DL(0) is stored in row R(0) of the final transposed matrix.

[0038]
DL(m−1) is stored in row R(1) of the final transposed matrix.

[0039]
DL(m−2) is stored in row R(2) of the final transposed matrix.

[0040]
repeat for all diagonals down

[0041]
A method to transpose a matrix, in accordance with the present invention is illustrated as follows:

[0042]
1. Load the contents of row R(i) of the original matrix into the diagonal up DH(i) of a temporary matrix. Where i=0 to m−1, m is the number of rows in the original matrix. (600)

[0043]
2. Rotate the contents of every row of the temporary matrix to the right by the value of its row index.

[0044]
3. Store the contents of DL(i) of the temporary matrix into the row R(m−i MOD m) of the original matrix. Where i=0 to m−1

[0045]
4. The original matrix is transposed.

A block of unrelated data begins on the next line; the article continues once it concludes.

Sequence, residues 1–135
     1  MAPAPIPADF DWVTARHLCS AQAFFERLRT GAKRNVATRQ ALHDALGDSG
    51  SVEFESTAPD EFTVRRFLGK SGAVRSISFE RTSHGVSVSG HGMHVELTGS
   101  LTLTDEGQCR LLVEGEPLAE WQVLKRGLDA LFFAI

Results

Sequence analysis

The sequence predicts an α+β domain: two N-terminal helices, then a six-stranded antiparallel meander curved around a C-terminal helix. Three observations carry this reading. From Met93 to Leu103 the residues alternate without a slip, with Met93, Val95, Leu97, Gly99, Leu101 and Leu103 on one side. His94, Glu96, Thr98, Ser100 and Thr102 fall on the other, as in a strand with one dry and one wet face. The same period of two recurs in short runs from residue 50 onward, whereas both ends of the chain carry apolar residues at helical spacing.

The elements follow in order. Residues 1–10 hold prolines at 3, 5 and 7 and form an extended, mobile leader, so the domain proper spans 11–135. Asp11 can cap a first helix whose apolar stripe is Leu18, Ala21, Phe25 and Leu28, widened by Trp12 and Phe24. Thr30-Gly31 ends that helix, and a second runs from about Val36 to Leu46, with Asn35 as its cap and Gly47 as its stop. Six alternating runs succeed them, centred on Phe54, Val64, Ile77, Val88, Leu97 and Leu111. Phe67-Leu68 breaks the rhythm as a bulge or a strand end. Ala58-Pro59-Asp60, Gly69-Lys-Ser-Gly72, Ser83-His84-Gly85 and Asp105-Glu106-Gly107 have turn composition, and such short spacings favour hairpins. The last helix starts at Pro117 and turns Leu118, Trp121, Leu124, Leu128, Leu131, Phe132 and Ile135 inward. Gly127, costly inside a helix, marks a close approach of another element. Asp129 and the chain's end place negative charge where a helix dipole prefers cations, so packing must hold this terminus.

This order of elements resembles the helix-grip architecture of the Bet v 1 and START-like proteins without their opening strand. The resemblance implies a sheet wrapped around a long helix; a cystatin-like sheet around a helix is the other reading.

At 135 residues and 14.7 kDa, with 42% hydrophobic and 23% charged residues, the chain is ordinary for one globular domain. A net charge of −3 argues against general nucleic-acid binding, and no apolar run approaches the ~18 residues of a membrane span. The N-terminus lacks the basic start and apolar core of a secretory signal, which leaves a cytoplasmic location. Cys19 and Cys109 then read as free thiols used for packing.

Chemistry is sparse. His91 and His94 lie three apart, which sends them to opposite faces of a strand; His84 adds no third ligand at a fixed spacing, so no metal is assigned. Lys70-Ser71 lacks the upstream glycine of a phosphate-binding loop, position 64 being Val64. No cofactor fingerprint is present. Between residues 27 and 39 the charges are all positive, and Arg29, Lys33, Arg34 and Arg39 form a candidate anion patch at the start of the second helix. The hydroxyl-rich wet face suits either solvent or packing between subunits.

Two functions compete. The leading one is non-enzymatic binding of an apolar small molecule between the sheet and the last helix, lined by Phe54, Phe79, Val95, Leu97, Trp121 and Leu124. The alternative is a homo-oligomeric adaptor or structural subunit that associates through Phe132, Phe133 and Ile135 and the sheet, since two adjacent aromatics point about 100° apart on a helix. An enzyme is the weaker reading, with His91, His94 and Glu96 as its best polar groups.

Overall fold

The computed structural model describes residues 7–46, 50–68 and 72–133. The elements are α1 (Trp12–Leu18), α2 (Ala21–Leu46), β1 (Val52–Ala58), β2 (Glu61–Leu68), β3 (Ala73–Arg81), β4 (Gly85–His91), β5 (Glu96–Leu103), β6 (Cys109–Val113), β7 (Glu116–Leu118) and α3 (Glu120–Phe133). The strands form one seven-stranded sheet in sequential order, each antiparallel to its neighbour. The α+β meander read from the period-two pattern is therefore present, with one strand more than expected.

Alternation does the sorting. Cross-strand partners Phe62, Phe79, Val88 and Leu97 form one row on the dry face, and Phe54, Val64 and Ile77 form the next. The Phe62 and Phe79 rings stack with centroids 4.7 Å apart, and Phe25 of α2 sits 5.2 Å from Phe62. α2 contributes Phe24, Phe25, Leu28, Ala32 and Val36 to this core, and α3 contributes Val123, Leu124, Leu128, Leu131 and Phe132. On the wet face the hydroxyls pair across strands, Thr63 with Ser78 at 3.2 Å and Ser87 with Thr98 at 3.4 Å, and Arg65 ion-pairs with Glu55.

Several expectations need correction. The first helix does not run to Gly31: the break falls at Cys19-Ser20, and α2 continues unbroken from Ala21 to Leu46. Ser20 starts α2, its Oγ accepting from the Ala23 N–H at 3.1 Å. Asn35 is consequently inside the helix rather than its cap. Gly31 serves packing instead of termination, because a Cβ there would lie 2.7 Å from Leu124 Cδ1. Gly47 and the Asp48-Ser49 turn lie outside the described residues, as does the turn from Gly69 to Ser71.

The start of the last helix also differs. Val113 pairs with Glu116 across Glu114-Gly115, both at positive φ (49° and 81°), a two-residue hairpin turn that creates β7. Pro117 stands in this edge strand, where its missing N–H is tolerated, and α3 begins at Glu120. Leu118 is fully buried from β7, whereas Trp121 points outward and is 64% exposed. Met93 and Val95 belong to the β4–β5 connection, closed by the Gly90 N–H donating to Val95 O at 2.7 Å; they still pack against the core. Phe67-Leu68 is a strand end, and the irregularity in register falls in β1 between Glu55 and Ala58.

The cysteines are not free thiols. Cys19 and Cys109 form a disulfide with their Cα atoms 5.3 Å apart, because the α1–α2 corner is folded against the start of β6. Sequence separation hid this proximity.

[0046]
[0046]FIG. 6B illustrates one method for transposing a twodimensional array in accordance with one embodiment of the present invention. The example is done using array size of 8×8, but the method can be used on any array of size m×n, where m is the number of rows and n is the number of columns. The transpose is done along the main diagonal down of the array.

[0047]
The numbers 609 represent the indices of the data elements of the original array. The array 605 represents the original matrix before transposition. The array 606 represents the matrix after loading the diagonals DL from the original matrix. DL(m−i−1) gets the data stored in row R(i) of the original matrix; where m is the size of matrix. The array 607 represents the matrix after performing the following rotations on the rows of the matrix: